EZMoneyGuy.com

Steve Burington

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BORROWERS:

TRUTH - All hard money lenders are NOT the same.  Most of the companies that are advertising hard money loans are only brokers.  This means that they don't have their own investors.  The question to ask a potential lender is "are your loans funded by your own investors or do you fund your loans through another company?"  If you aren't convinced, ask them for five loans they closed last month.  It is very easy to get a property profile.  When you get the property profile, it will show the lender that actually funded the loan.

 

Risks in getting a hard money loan

 

As long as you are working with a credible hard money lender (that is the actual lender), there is no more risk than working with a bank. (ALWAYS read all documents you are signing.)

Things to watch for -

Default rate - Some hard money lenders will put a default rate in a loan.  This is similar to a credit card that increases its' interest rate if the payments are not made on time.

Pre-payment penalty - Most hard money loans come with a reasonable pre-pay period.  Some loans come with a two or three year penalty period.  This is much more than reasonable.

 

Private money loans (also known as hard money) are very different than conventional

loans

 

Conventional loans are transacted by banks that have a very strict set of criteria that they are not able to control. Most banks have their loans purchased by Fanniemae or Freddie mac.  These two government entities will not purchase a loan unless everything matches their guidelines exactly.

 

Traditionally, banks lend using the 3 C's: credit, capacity and collateral.

 

Credit - is the borrower's credit score and payment history.

Capacity - is the borrower's ability to make payments.

Collateral - is the asset that is pledged as security for the loan.

 

Borrowers that fall short in one of these three areas are not able to get a traditional bank loan.  For the past several years it has gotten increasingly more difficult to acquire a bank loan.  There are an increasing number of conditions being placed on borrowers in order to qualify with a bank.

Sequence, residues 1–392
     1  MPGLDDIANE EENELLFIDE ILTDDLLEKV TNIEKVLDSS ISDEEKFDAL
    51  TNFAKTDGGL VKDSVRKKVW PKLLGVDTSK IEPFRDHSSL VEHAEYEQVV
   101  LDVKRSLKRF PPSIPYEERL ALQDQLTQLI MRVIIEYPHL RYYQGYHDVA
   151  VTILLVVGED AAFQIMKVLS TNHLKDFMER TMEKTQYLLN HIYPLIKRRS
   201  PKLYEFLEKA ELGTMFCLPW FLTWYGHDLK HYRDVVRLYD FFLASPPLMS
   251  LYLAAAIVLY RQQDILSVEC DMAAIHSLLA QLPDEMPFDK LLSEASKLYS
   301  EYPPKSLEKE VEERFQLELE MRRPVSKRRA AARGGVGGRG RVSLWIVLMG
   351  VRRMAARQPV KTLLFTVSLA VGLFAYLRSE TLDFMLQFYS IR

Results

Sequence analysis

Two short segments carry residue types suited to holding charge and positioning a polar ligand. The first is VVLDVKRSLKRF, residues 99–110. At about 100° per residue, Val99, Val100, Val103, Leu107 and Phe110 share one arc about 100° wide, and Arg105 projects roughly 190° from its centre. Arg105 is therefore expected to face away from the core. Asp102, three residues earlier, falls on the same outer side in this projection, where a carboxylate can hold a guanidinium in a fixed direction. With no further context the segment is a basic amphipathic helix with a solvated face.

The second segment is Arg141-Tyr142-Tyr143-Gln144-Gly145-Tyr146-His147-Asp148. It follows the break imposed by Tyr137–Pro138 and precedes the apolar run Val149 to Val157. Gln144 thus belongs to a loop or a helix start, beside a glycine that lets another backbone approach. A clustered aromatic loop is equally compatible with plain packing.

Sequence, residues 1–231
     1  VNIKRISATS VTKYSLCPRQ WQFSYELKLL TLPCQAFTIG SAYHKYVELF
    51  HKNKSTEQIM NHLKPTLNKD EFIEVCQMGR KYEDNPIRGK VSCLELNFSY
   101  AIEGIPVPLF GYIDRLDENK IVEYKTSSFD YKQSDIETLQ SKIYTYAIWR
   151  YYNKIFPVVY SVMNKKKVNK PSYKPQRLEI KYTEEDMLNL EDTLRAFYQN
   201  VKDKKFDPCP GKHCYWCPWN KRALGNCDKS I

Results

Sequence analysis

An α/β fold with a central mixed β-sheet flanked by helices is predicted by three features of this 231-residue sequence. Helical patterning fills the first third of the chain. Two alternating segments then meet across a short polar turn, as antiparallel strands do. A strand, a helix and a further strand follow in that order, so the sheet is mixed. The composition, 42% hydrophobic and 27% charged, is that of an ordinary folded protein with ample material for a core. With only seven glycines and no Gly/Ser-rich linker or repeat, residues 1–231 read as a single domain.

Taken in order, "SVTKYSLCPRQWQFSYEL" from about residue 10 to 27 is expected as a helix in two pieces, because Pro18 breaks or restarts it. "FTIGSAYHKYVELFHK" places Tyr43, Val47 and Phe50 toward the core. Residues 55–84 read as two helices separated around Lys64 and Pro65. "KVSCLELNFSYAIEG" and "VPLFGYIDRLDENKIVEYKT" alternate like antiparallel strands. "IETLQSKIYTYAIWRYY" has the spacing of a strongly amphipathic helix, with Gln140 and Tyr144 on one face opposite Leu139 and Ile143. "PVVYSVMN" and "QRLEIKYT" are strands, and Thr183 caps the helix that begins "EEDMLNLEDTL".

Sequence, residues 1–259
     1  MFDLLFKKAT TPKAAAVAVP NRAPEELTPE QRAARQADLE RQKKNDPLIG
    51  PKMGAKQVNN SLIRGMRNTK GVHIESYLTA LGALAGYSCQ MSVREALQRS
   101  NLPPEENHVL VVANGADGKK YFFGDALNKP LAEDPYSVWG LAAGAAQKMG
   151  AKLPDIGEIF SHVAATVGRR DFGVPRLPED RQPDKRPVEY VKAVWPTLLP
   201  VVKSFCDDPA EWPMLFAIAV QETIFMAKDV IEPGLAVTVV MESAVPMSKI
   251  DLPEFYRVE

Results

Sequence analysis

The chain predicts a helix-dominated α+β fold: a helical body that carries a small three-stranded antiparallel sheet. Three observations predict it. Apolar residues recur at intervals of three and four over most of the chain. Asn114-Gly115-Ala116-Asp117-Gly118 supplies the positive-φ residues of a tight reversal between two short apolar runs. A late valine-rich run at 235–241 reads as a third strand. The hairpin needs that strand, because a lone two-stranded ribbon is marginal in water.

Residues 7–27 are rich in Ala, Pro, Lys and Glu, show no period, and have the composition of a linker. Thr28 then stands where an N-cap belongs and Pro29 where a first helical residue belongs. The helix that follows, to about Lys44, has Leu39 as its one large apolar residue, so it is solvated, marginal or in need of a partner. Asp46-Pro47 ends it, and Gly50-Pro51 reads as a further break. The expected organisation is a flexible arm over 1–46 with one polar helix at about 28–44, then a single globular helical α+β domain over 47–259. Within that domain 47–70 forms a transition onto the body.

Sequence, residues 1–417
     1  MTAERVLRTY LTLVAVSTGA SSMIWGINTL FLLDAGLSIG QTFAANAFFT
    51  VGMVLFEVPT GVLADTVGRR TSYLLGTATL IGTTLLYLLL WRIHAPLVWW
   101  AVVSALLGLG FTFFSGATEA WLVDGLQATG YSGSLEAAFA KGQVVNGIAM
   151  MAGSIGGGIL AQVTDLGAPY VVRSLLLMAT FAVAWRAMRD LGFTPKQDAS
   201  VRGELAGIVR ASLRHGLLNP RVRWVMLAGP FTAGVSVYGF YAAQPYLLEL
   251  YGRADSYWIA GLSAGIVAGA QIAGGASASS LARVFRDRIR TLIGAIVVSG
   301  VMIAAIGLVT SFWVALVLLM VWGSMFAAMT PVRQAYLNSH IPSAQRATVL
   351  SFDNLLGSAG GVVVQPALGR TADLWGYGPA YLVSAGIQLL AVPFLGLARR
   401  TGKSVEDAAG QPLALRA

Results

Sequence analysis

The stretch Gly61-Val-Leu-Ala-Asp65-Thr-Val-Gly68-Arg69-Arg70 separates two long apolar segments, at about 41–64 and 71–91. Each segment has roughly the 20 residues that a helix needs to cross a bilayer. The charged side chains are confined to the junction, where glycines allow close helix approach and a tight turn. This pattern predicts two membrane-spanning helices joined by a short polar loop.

Hard money loans (also known as private money) received this nickname because these are loans that are "hard" for a bank to do. A true hard money loan is extremely simple.  The main criteria that needs to be met for a hard money loan is the right amount of equity in the property for the situation. The reason these are also called private money loans is because the funds generally come from private investors that are looking for a more secure investment than the stock market can offer.

 

What aspects will effect a hard money loan?

 

LTV (Loan To Value) - which is the loan size compared to the value of the property.  The higher the LTV, the higher the risk is for the investor.  As the risk factor goes up, the investor wants a higher reward.

 

Location - Just like in all Real Estate situations, location is (almost) everything.  A ranch on 100 acres in the middle of the desert isn't going to be as easy to sell as a standard home in a nice neighborhood.

 

Condition - Even if the home is in a nice neighborhood, if it's falling down, that will effect the security of the loan.  Once again, this will not stop a true hard money lender from doing a loan.  This will just effect the amount a lender is willing to lend.

 

Property type - Everything that has value is open to a hard money loan, but there is a difference.  It comes back down to the investor's security.  A traditional home is easier to sell on the open market than a gas station.  If the borrower gets into trouble and needs to sell their property, it's a much more difficult prospect on a unique property than on a Single Family Residence (also know as a SFR).

 

Credit - The reason this is at the bottom of the list is because absolutely terrible credit should never stop a true hard money lender from lending money to a borrower.  Credit can still affect the comfort level of an investor.  If a borrower has very good credit, an investor may be willing to invest at a lower interest rate than someone with very low scores.

 

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